GOP senator: Israel must accept two-state solution to normalize ties with Saudis

Lindsey Graham asserts Israel’s right to defend itself against Hamas, but says Arab countries can’t normalize ties ‘if they’re seen as throwing the Palestinians under the bus’

Jacob Magid is The Times of Israel's US bureau chief

Member of a bipartisan group of US senators Lindsey Graham looks on during a press conference in Tel Aviv on October 22, 2023. (GIL COHEN MAGEN / AFP)
Member of a bipartisan group of US senators Lindsey Graham looks on during a press conference in Tel Aviv on October 22, 2023. (GIL COHEN MAGEN / AFP)

Arab countries will not agree to normalize ties with Israel unless Jerusalem agrees to a two-state solution, Republican US Senator Lindsey Graham of South Carolina said Sunday.

The comments amounted to a rare recognition by a Republican lawmaker that Palestinian statehood is a condition for the expansion of the Abraham Accords, a series of US-brokered normalization agreements between Israel and Arab states negotiated under the administration of former US president Donald Trump. They came as Prime Minister Benjamin Netanyahu was weeks into a public post-October 7 campaign in which he has vowed to block the strategy.

In an interview on Meet the Press, Graham hailed the effort by Democratic US President Joe Biden’s administration to revive normalization talks between Israel and Saudi Arabia.

When asked whether he thought it was realistic for the US to still pursue that goal after Hamas’s October 7 terror onslaught, he answered: “Yeah, I do. But I can tell you, Saudi Arabia and other Arab countries cannot normalize with Israel if they’re having been seen as throwing the Palestinians under the bus.”

“I think the Arabs are going to demand some form of two-state solution to recognize Israel,” the senior Republican lawmaker speculated, adding that “normalizing the relationship between Saudi Arabia and Israel is still the big prize.”

War erupted between Israel and Hamas on October 7, when some 3,000 terrorists burst across the border from the Gaza Strip by land, air and sea, killing some 1,200 people and seizing over 240 hostages of all ages — mostly civilians — under the cover of a deluge of thousands of rockets fired at Israeli towns and cities.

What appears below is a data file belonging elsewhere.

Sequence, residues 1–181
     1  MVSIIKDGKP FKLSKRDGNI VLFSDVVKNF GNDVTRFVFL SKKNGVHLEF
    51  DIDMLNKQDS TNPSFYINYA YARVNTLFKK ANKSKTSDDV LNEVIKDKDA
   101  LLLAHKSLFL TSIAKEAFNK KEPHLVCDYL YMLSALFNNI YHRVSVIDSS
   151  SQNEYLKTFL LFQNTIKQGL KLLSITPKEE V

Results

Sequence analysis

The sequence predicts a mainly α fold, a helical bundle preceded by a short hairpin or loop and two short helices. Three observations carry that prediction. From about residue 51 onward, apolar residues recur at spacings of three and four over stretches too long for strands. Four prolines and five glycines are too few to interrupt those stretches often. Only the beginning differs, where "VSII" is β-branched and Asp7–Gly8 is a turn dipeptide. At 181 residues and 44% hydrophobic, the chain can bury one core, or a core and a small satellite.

The Arab world has been united in its fierce rejection of Israel’s military response to the October 7 attacks, leading international calls for a ceasefire, which Israel vehemently rejects as long as Hamas — which has vowed to repeat similar massacres again and again, given the chance — is not vanquished.

Saudi Arabia’s Foreign Minister Prince Faisal bin Farhan Al Saud speaks during a UN Security Council meeting at United Nations headquarters on November 29, 2023, in New York City. (Andrea Renault/AFP)

While some Arab officials privately acknowledge their general support for Israel’s goal of removing the Islamist Palestinian terror group from Gaza, they speak out fiercely against the number of civilian casualties in the Strip, which they fear is capable of destabilizing their own countries, where public outrage has been massive.

Before October 7, the United States had been close to brokering a deal that would have seen Saudi Arabia — home to Islam’s holiest sites — recognize Israel for the first time.

Supporters of the deal believe it could have transformed the Middle East, after decades in which Israel had very limited diplomatic, commercial and security ties with its neighbors.

In October, a source familiar with that process told AFP that Riyadh had decided to “pause discussion on possible normalization.”

Saudi Arabia had previously warned Israel against any further ground operations in the Gaza Strip, where the Jewish state continues to press on with its goal of eliminating the ruling terror group.

“If we don’t get this right this time, we’re talking about another generation of just tit-for-tat death,” the senior Republican lawmaker asserted. “Give Israel the time and space to destroy Hamas. That’s non-negotiable, but we need to be thinking about the day after.”

Prime Minister Benjamin Netanyahu speaks during a press conference at the Defense Ministry in Tel Aviv, December 16, 2023. (Noam Revkin Fenton/Flash90)

On Saturday evening, Netanyahu related to the question of who should take control of Gaza after the war with Hamas ends, saying he was “proud” of preventing the establishment of a Palestinian state and taking credit for “putting the brakes” on the Oslo peace process of the 1990s.

Speaking at a press conference at the Defense Ministry headquarters in Tel Aviv, the premier also reiterated his opposition to the Palestinian Authority ruling Gaza after Hamas is eliminated, adding that “among friends it’s important not to foster illusions,” alluding to Washington’s desire for a “revamped” PA to take control of the coastal enclave.

Jeremy Sharon and Times of Israel staff contributed to this report.

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